Meet the Juniper Ventures chef trainers

Posted December 13, 2022

Our food development team play a vital role at Juniper and our two Training and Development Chefs, Kerry and Rachel bring a vast amount of culinary expertise to the business. To help you learn about how we can help your school or child, we caught up with this duo as they prepared to re-launch the service at the London Design and Engineering UTC. This is a contract we have recently retained, and they have been working so hard to develop the new food offering and get the kitchens and team ready for the grand reopening.

Tell us about your current roles at Juniper Ventures

Kerry – A lot of my role is as a development chef, so I spend time creating new recipes and menus for the schools we provide catering for. The next stage would be staff training once those recipes are ready. We also run the added value elements of our service so one day we could be running a pizza making workshop for children and the next day take our smoothie bike to a different school to teach pupils about fruit and vegetables. We are always on hand to support the school catering staff to ensure that standards are consistently high across every school we look after.
Rachel – We also spend time visiting schools to look at ways we can enhance the service. So, we may offer advice on how to improve a food display and it’s important we are always showing our school chefs what good looks like. I also really enjoy helping with the School Chef of the Year (SCOTY) entries each year and assisting the management team with tenders for new business.

What do you love most about this role?

Rachel – For me, it’s the variety and flexibility within the job. Every day is different, and we are fortunate enough to work with a great team of people, with a mix of personalities. I like the challenge. However, you are also trusted to work on your own and make decisions when you need to, there’s autonomy which I feel is really important.
Kerry – I agree, it’s very varied and I like the different elements to the role, so no day is boring. Working with the children is something I really love and find very rewarding. For example, during the holidays we did a workshop where we encouraged children to try different foods and the next day some of them brought in salad as they had really enjoyed it. I also love working on new contracts. This week we have been at UTC checking equipment, making sure everything is ready, ensuring that the food is laid out how it should be.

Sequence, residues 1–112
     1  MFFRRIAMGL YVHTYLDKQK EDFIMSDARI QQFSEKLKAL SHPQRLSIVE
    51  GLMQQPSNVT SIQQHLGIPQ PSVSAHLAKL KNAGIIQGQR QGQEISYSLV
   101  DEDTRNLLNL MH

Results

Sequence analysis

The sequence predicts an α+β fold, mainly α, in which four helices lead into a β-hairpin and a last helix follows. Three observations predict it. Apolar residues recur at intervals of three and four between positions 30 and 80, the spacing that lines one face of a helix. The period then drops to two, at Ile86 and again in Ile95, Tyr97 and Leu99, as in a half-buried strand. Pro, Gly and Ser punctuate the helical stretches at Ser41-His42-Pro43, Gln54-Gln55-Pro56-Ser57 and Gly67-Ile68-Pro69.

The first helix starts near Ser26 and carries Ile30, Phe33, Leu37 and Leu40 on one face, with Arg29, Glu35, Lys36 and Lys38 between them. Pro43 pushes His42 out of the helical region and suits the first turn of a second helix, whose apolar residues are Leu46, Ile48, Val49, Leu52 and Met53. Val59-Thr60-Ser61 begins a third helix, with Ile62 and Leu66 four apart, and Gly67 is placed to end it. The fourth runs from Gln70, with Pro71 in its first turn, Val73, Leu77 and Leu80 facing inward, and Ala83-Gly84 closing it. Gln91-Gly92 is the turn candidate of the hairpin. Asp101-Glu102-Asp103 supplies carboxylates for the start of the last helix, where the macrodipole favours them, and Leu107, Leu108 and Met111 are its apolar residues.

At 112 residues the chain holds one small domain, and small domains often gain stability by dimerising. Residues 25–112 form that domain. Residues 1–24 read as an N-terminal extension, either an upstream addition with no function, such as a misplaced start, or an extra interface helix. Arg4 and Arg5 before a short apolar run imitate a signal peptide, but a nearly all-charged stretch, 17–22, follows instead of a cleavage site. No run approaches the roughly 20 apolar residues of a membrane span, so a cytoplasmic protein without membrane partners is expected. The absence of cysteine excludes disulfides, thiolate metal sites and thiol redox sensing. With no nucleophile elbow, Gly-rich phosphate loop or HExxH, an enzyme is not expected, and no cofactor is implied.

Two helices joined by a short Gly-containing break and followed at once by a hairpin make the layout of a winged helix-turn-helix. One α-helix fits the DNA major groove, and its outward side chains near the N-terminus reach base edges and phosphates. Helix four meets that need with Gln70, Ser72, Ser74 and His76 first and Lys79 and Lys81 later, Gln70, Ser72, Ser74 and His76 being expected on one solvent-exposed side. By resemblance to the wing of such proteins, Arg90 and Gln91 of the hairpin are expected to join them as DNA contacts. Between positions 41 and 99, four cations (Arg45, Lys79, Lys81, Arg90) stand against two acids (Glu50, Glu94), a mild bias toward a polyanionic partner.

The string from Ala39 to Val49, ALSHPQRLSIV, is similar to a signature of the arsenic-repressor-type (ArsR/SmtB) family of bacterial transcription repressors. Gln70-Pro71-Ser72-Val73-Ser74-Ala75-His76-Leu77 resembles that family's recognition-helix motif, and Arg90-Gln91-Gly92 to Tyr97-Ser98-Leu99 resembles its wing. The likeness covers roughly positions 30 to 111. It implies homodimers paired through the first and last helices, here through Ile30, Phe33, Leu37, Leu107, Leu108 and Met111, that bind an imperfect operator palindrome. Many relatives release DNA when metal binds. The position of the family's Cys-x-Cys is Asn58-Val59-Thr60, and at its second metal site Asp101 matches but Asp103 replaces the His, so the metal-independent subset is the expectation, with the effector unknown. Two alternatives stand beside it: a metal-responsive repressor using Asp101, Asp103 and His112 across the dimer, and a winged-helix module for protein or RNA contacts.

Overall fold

Tell us a little bit about your career histories

Kerry – I used to work as a chef in 5-star hotels and at Champneys health clubs. I have even been a private chef, as well as working in catering for a banking group. After I had my son, I stepped away from work for five years, but when I decided to get back into a kitchen, I wanted something that would still work around my family. Managing a work life balance as a chef can be hard but I knew I needed a role that would suit me and my family. School catering was really appealing, and I feel proud to contribute my knowledge in this sector.
Rachel – I have always loved working in catering. After completing my qualifications at catering college, I worked in hotels and restaurants. When I had my son, I chose to put my career on hold. However, as my son got older, I missed catering, so I volunteered in schools doing culinary workshops. I then went on to do catering for the police, fire brigade and hospitals. One of my favourite jobs was when I trained prisoners at Holloway Prison and I learnt so much about developing people. When this role at Juniper came up, I knew it was something I could really get into and do well.

What qualities do you feel are needed to be a Head of Kitchen in school catering and why?